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Grover Norquist, president, Americans for Tax Reform
The Boehner rule: no increase in the debt ceiling withou...
Grover Norquist, president, Americans for Tax Reform
The Boehner rule: no increase in the debt ceiling without a dollar-for-dollar spending cut. If that is kept for a decade, you really bend down the cost curve.
Joe Mathews, journalist and author; senior fellow at the New America Foundation
The most important policy innovation this year came not in the U.S. but in Europe.
The 27 countries of the European Union finished designing the first transnational instrument of direct democracy in the world. It’s called the European Citizens’ Initiative. And it gives the people of the 27 member states of the EU the opportunity to introduce legislation directly to the European Commission — the most powerful body in the EU structure — simply by gathering signatures on petitions.
The proponents of the legislation must collect a total of 1 million valid signatures across at least seven EU countries. This is a novel tool of transnational democracy, allowing Europeans to come together and advocate as Europeans — and not merely as citizens of their own country — for legislation. The initiative process also could provide a counterweight for a distant, bureaucratic European government that makes policy transnationally, without facing any kind of transnational democratic accountability.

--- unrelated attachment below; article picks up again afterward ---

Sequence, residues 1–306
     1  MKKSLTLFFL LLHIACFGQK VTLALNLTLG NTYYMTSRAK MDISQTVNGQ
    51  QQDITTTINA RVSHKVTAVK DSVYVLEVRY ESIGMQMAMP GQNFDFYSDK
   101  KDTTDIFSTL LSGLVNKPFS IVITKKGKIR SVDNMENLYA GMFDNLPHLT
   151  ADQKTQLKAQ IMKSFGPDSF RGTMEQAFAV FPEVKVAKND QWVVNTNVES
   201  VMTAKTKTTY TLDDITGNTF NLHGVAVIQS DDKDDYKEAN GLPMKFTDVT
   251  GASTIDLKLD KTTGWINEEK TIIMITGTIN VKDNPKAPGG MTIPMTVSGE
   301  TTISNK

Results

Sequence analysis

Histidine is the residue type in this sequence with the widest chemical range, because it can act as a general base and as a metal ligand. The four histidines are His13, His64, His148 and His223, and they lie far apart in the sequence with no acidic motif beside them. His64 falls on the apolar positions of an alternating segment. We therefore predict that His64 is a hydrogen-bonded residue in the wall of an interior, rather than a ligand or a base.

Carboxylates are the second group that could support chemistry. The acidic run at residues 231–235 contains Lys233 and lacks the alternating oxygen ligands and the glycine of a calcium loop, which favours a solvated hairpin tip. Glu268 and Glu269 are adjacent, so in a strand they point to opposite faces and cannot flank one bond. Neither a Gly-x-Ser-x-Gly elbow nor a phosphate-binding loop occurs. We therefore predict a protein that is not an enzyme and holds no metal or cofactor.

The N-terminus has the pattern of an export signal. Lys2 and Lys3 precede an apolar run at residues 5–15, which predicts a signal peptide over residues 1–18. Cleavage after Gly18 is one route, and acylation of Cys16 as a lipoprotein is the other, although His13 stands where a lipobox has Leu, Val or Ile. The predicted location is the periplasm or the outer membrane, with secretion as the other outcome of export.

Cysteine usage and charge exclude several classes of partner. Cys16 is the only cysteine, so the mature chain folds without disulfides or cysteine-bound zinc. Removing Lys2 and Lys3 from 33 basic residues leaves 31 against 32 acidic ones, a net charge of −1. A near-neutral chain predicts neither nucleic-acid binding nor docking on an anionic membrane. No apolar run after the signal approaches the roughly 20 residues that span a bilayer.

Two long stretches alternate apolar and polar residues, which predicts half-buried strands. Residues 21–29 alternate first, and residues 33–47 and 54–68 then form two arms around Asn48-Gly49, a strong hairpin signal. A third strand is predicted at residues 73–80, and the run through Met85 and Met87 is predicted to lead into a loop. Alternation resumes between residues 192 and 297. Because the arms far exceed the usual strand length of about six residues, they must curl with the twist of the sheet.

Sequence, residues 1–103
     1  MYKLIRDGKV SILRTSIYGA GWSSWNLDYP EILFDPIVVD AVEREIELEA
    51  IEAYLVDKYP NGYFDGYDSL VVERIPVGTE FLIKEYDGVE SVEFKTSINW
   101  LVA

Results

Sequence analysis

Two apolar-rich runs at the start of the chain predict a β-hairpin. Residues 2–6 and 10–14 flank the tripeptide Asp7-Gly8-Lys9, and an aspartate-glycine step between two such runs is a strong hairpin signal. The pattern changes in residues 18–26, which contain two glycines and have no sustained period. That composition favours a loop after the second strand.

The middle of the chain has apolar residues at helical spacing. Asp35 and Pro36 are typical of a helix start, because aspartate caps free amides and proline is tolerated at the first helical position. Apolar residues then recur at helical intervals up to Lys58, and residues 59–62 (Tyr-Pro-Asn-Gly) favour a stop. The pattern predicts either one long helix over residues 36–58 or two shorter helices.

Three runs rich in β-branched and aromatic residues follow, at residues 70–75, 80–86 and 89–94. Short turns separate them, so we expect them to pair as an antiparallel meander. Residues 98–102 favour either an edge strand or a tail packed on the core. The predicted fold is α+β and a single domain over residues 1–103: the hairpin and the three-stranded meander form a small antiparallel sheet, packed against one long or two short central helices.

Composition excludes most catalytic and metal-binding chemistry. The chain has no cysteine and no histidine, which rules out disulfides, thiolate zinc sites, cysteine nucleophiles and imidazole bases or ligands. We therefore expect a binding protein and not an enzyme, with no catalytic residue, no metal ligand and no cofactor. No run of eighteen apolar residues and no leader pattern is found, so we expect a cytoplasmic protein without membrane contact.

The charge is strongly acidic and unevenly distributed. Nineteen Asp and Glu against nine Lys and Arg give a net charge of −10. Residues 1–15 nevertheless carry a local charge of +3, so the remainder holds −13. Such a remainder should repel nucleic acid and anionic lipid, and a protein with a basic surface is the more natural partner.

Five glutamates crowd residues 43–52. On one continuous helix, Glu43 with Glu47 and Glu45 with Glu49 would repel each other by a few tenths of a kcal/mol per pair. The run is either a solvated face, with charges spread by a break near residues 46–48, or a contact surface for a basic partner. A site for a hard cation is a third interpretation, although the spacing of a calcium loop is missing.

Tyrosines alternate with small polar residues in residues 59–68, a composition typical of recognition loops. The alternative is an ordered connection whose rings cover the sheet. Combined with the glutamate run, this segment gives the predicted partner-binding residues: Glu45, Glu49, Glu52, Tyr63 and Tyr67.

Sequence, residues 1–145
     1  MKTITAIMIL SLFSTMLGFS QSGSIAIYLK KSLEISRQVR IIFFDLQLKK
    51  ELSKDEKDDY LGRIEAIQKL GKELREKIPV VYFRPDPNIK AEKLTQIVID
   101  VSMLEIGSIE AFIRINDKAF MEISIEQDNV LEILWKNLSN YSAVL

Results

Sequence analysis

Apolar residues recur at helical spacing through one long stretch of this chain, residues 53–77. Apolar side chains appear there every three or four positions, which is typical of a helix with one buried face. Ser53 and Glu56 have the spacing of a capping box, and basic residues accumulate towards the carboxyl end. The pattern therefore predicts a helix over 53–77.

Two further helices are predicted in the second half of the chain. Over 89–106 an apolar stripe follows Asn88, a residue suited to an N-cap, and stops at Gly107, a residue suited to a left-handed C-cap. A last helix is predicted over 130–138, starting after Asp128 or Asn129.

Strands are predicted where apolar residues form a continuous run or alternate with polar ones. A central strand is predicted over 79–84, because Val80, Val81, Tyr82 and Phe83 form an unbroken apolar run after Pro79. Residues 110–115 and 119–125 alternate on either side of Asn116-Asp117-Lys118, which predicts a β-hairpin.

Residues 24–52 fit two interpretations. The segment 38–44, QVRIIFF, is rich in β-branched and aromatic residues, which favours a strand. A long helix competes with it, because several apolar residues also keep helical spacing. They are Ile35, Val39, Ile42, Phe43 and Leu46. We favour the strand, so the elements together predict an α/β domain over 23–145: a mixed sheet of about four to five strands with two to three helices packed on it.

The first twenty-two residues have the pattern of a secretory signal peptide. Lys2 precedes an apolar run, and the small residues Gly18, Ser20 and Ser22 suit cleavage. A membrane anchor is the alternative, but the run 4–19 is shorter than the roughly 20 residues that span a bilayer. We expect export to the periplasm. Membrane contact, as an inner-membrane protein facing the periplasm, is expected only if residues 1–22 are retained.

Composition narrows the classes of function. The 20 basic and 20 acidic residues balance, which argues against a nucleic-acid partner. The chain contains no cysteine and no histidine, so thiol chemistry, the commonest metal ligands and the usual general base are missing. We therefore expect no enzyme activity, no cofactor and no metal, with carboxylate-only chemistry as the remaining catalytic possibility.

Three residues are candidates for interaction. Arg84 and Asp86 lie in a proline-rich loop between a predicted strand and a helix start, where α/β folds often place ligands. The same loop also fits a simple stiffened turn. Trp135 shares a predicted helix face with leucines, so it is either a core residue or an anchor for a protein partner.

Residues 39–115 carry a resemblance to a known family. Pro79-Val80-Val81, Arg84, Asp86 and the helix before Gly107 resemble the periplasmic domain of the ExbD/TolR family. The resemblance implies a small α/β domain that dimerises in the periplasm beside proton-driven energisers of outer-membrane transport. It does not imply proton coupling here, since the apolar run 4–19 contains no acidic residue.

And this is an idea that could spread. Once the European Commission starts turning down this legislation, it won’t be long before Europeans begin demanding the right to vote on legislation directly — which would give them transnational elections and ballot initiatives. In a world where multinational corporations and government bodies hold so much power, multinational democratic structures and institutions must be built, as well. Europe has made a beginning.
Jessica Glenn Hallstrom, senior communications adviser, Brookings Institution
The drawing of electoral districts is among the least transparent processes in democratic governance — and redistricting authorities often block public participation to maintain their influence. The resulting districts tend to embody the goals of politicians and not the interests of individuals and communities.